The question is whether anyone is trustworthy. Anyone.

It makes me sad to be so cynical.

Posted by: Ruffles1 | December 8, 2009 5:53 PM
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How can anyone possibly consider ANY "athlete" a "leader"? Most athletes I am aware of have a) been spoiled since high scjhool (at LEAST), b) consider themselves above any rules of normal behavior, c) have a HUGE sense of entitlement and act accordingly. Their "accomplishments" are modest in the extreme - do you think it takes more concentration to play golf or to design aircraft guidance systems? As far as I'm concerned, Eldrick (can we quit calling this jerk "Tiger" now, PLEASE?????) has no more skill, concentration, or leadership than the current reigning "Donkey Kong" champ. In fact, LESS, because that guy isn't out shaking Barbies out of trees. As for the "tragedy", give ME a break. I have to look at billboards with his smug face selling WAY-overpriced watches when the clown hasn't really worked a day in his LIFE. EVER.

Posted by: Quatermass | December 8, 2009 5:42 PM
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Mr. Gupta:

I am not sure who is to blame here, but the lead-in link to your story states "Tiger's family may be hurting but worse is the damage to our faith in those we call leaders. Your view?"

Stop kidding yourself. Stop evaluating Mr. Woods' failure(s) through the myopic lens of the Business School perspective. This actually affects YOU very little, except that it gives you an opportunity to analyze, evaluate, and comment in print.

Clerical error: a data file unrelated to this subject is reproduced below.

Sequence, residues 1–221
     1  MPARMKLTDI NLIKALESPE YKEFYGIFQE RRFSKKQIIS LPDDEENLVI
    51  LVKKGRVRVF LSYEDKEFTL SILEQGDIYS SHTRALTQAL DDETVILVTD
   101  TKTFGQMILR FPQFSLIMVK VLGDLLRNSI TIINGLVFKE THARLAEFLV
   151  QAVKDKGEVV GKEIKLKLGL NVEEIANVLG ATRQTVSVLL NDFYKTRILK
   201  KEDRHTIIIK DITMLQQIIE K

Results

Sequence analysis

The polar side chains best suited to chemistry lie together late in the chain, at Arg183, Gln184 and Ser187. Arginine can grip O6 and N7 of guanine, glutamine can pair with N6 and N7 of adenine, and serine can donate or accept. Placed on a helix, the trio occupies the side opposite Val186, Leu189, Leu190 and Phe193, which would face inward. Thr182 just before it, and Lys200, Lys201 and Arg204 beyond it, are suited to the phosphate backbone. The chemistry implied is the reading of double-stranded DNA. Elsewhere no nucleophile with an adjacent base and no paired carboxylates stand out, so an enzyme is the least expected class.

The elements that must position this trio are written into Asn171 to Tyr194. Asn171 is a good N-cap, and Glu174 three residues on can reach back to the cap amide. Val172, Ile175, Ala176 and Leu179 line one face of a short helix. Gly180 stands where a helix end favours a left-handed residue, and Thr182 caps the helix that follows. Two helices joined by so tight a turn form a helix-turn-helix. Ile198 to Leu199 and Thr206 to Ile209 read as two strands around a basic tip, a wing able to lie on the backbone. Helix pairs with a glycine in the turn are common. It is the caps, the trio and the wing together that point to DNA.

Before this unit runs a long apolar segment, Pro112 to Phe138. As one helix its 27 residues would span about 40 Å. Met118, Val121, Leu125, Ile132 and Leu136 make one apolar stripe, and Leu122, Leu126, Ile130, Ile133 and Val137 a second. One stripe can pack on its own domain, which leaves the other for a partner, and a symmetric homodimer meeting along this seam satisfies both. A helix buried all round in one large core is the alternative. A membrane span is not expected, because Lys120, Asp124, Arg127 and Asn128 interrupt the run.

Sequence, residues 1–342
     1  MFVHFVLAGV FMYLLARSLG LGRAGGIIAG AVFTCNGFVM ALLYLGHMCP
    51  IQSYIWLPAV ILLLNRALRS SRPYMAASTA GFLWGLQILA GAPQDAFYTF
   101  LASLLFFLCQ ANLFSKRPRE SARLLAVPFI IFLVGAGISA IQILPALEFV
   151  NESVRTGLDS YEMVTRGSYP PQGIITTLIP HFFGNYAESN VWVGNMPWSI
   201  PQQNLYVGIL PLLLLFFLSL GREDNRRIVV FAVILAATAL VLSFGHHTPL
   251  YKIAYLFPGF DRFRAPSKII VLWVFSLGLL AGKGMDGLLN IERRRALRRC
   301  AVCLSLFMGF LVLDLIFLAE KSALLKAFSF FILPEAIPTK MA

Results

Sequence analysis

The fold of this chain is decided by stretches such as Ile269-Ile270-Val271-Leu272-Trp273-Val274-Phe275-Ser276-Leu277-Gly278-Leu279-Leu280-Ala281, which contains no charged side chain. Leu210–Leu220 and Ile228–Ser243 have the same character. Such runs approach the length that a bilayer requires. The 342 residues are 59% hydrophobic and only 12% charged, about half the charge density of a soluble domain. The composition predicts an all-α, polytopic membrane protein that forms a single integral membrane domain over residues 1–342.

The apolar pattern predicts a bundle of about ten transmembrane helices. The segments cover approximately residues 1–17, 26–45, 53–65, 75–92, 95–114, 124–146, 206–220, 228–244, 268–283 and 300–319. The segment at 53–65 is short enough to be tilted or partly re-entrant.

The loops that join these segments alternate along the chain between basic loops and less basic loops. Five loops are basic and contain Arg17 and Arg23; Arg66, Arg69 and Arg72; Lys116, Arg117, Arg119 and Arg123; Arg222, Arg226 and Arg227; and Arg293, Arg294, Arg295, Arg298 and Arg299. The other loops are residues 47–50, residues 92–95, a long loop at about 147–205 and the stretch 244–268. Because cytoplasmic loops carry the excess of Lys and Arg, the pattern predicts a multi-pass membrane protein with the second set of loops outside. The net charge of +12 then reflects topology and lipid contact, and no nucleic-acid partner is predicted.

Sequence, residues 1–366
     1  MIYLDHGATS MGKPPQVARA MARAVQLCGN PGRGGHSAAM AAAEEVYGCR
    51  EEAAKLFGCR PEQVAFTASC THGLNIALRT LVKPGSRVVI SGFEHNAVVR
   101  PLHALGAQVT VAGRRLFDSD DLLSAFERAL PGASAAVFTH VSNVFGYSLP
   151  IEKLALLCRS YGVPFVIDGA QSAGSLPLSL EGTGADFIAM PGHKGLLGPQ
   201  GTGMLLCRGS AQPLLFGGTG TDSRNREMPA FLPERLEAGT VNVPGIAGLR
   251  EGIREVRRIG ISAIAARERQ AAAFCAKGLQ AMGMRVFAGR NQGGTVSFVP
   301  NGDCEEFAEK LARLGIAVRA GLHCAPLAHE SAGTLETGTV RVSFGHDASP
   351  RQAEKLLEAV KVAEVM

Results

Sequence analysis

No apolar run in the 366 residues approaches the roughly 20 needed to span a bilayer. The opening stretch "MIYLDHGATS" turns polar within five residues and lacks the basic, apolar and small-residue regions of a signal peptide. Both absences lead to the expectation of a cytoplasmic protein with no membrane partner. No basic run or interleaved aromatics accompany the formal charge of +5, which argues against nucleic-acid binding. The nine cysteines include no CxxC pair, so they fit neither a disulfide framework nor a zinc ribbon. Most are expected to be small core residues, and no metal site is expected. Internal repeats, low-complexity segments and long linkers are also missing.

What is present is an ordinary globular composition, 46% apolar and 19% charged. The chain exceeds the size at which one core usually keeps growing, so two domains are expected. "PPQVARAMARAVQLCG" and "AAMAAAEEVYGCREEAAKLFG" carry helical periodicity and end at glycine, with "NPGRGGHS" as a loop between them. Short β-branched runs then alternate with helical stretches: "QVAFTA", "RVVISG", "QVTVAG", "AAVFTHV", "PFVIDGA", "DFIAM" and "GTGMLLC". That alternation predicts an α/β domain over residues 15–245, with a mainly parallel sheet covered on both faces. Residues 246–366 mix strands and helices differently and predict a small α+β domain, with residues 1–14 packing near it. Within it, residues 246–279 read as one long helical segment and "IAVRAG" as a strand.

NOTHING is worse than the very public humiliation his wife and family is facing right now. NOTHING is worse than the absolute despair she must be experiencing.

His wife ought to retain the best counsel possible, seek to throw out what ever pre-nup existed, and financially punish Mr. Woods in spades (no pun intended) for the rest of his life. It's going to cost a lot of therapy for her to make peace with the idea that a man who was married to a woman as stunning as she is, who gave up a lucrative career of her own, who gave him two kids, would literally and figuratively "screw up" his marriage with not one, but eight, ten, twelve different honeys who seem to have nothing to offer other than some lithe bodies and a willingness to please. Thank God his kids are too young to understand what a horse's behind their father truly is. He has picked up his marriage and his career and with both hands shoved both into the manure pile.

I am sick and tired of anyone who thinks that athletes are "leaders." They are like prize winning race horses. They are groomed for competition, they get their pictures printed in the paper on Derby (that's pronounced Darby) Day, and reap all kinds of pretty garlands (overstuffed paychecks, endorsements, fancy cars, bejeweled fingers, necklines, teeth, and in this particular case, a whole lot of very illicit sex) for their winning efforts.